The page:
Previous studies support the key role of the pons during the pain phase of the migraine. Roberta Messina, MD, Vita-Salute San Raffaele University, Milan, Italy, talks on a cross-sectional, longitudinal study investigating resting state functional connectivity (RSFC) changes of the pons in migraine patients. The study aimed to map RSFC changes of the pons in migraine patients for 4 years and explore the association between those abnormalities and the characteristics of the patients. Imaging findings indicated that compared to controls, at baseline, migraine patients showed increased RSFC between the pons, the cerebellum, and the temporal and lingual gyros. After 4 years, migraine patients showed decreased RSFC between the pons and the precuneus compared to controls. Additionally, compared to controls, migraine patients developed both decreased and increased RSFC between the pons and the cerebellum, suggesting that distinct adaptive responses might occur over time in the cerebellum. RSFC changes between the left pons and ipsilateral cerebellar crus I might represent a maladaptive response contributing to migraine worsening. This interview took place during the European Academy of Neurology 2021 congress.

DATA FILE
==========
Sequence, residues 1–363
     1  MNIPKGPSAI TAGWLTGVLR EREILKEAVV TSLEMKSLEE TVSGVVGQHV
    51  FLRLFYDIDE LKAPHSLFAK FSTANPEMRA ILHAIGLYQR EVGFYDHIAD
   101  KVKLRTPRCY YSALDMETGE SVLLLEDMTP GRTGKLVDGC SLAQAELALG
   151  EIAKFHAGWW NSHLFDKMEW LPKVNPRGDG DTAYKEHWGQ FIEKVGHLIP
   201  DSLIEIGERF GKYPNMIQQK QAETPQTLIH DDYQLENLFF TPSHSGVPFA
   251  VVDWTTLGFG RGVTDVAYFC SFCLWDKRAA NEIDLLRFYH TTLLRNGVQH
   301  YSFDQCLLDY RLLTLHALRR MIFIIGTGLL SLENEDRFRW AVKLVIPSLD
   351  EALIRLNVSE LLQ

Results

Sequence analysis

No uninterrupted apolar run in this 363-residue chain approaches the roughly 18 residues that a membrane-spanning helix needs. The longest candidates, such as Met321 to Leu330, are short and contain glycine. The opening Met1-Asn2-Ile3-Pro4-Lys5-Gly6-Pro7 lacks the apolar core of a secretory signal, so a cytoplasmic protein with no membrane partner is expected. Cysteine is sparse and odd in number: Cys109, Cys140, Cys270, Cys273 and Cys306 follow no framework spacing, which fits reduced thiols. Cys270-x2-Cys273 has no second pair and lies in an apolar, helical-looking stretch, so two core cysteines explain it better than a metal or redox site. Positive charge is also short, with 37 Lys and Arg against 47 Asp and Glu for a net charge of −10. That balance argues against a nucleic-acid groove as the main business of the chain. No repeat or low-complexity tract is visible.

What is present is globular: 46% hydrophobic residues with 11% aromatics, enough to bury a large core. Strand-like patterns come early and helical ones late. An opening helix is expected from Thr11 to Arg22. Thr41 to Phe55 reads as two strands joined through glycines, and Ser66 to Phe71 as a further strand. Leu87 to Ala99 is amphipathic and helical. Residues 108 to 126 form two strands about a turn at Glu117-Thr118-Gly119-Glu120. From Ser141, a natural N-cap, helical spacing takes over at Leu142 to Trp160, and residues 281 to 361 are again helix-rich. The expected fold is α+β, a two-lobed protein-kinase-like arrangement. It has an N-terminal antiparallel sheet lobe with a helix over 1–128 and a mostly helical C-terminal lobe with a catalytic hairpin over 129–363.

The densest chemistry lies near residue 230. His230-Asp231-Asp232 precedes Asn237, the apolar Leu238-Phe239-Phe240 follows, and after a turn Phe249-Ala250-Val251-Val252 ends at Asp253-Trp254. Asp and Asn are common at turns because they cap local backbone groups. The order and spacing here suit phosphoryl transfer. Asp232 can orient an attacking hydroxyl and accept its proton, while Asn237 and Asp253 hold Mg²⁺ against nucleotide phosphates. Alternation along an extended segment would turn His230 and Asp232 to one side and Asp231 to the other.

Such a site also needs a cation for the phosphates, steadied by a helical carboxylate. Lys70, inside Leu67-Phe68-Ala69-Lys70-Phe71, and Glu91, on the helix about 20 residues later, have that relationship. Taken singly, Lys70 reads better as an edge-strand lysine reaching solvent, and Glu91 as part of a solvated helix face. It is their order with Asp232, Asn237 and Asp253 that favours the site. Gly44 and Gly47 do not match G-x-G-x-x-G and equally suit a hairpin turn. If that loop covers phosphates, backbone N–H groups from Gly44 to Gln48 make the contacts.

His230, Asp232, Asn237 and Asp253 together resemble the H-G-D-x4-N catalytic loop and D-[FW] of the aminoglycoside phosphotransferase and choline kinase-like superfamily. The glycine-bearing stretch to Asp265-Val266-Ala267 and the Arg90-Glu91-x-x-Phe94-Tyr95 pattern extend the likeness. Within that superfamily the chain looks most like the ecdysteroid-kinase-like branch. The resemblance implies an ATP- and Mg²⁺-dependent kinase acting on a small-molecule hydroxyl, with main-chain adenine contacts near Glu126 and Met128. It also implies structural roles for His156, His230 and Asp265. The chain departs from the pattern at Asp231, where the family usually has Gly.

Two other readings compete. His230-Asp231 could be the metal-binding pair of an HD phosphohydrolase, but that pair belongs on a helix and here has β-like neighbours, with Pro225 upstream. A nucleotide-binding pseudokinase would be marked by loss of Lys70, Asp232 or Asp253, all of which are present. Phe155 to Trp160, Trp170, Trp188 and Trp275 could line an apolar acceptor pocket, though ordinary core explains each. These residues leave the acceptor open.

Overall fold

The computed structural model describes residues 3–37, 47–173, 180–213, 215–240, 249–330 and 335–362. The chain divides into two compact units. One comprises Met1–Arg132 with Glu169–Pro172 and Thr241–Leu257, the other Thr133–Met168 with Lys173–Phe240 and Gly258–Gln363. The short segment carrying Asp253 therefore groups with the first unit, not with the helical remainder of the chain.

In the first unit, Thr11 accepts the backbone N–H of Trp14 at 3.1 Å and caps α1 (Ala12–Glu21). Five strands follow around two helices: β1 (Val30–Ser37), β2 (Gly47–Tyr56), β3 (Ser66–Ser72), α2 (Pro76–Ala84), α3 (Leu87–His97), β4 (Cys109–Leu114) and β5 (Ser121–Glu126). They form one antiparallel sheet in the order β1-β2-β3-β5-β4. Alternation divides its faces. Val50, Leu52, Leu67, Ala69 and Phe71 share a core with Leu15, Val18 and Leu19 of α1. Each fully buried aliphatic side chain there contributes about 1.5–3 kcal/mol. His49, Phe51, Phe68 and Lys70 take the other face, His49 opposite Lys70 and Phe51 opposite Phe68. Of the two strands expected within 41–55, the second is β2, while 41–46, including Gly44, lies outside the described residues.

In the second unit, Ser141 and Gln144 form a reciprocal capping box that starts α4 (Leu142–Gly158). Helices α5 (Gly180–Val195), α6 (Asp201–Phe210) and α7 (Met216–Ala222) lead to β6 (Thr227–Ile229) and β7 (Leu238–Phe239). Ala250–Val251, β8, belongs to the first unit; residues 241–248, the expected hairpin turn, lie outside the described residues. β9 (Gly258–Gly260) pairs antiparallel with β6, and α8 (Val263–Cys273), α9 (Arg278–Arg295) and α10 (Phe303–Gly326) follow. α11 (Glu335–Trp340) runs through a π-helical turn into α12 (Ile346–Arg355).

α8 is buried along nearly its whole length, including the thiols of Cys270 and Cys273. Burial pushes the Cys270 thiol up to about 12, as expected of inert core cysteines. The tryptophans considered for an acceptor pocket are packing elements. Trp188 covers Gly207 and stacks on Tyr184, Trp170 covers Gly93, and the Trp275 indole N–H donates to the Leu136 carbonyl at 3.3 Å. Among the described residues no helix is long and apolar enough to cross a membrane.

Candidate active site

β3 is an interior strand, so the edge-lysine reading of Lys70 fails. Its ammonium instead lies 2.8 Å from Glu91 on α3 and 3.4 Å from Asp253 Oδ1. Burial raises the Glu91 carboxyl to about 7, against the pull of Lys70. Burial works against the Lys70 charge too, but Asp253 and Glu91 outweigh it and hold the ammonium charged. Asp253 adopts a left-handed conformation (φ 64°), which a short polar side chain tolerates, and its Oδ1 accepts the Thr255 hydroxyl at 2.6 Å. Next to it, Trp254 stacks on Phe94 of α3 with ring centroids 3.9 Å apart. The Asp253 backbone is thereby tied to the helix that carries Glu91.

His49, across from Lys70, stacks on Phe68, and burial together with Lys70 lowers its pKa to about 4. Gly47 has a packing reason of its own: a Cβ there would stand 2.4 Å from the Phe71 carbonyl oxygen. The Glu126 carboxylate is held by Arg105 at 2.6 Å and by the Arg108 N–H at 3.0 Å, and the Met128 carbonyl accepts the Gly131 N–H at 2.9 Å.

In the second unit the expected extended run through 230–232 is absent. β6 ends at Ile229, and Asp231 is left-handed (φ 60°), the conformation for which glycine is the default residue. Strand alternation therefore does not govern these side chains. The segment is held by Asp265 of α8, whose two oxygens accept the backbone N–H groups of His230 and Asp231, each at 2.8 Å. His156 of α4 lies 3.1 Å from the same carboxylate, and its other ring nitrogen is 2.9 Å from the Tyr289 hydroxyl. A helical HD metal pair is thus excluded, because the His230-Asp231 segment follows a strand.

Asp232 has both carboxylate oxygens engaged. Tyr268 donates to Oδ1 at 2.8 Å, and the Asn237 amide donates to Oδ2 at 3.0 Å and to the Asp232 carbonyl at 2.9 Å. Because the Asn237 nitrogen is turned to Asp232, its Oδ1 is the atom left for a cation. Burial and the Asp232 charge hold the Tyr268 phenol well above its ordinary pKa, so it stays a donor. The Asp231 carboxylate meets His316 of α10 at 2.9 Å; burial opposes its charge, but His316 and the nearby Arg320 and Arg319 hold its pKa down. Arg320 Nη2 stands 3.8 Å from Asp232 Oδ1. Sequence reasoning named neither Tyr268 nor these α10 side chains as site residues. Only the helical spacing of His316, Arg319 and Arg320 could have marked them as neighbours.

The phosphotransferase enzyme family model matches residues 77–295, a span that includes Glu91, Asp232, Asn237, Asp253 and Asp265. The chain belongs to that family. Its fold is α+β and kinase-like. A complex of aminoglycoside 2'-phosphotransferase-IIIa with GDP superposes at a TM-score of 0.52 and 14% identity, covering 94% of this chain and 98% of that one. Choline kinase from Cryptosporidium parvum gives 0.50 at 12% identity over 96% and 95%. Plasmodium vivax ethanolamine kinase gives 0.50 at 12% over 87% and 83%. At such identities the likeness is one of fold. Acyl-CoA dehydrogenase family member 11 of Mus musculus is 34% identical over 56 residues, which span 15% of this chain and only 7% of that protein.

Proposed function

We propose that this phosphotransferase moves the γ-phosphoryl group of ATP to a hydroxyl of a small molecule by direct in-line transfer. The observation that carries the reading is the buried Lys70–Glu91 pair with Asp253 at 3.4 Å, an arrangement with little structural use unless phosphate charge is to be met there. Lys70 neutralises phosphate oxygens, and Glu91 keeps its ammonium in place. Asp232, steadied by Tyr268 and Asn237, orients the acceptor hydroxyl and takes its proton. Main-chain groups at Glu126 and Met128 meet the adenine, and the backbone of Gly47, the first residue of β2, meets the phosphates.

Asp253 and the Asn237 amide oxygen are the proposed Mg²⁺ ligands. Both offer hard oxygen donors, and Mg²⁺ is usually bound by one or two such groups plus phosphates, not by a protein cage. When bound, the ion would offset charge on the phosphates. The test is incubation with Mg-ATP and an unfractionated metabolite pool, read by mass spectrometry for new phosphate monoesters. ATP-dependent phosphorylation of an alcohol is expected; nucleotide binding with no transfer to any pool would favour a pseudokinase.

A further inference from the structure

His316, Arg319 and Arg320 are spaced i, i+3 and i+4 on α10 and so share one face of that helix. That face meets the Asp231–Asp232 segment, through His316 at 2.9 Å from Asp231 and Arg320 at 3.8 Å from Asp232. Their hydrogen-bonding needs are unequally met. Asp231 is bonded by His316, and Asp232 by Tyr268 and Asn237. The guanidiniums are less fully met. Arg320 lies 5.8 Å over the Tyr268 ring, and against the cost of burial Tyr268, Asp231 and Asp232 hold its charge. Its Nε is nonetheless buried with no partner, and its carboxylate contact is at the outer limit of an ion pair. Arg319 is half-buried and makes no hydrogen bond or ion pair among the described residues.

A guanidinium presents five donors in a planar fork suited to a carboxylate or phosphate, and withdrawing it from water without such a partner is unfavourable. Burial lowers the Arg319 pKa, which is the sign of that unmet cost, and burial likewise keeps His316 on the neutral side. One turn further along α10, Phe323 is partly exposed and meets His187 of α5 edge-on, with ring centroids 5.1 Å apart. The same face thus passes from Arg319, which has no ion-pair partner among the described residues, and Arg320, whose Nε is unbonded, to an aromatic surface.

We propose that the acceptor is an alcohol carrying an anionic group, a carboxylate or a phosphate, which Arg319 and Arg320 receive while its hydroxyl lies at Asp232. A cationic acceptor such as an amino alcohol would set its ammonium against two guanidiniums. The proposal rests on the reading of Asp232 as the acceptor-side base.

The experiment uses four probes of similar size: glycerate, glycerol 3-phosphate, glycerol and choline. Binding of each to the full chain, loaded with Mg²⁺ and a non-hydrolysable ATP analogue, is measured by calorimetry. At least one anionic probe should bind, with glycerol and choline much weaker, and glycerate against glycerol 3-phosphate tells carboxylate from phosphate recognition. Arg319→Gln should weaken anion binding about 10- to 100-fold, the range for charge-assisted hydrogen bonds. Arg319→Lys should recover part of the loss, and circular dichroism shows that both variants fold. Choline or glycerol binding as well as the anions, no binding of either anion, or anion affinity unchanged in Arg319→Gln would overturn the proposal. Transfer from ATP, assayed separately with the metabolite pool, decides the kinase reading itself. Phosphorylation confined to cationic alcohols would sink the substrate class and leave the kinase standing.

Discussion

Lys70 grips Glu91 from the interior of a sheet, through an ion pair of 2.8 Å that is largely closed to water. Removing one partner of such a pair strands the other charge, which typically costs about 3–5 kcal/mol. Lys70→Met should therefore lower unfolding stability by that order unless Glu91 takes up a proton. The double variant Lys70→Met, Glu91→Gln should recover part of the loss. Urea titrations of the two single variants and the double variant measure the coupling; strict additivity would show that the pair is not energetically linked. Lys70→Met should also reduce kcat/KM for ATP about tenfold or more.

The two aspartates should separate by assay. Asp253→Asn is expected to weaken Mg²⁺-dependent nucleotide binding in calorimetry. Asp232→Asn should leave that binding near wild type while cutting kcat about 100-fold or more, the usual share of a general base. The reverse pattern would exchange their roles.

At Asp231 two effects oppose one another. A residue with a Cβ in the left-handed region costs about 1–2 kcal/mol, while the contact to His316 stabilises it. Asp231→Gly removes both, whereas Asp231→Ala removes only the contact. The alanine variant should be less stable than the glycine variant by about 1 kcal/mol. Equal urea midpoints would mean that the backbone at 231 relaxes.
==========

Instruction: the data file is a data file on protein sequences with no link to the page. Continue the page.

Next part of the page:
Roberta Messina received speakers honoraria from Novartis, Eli Lilly and Teva Pharmaceutical Industries.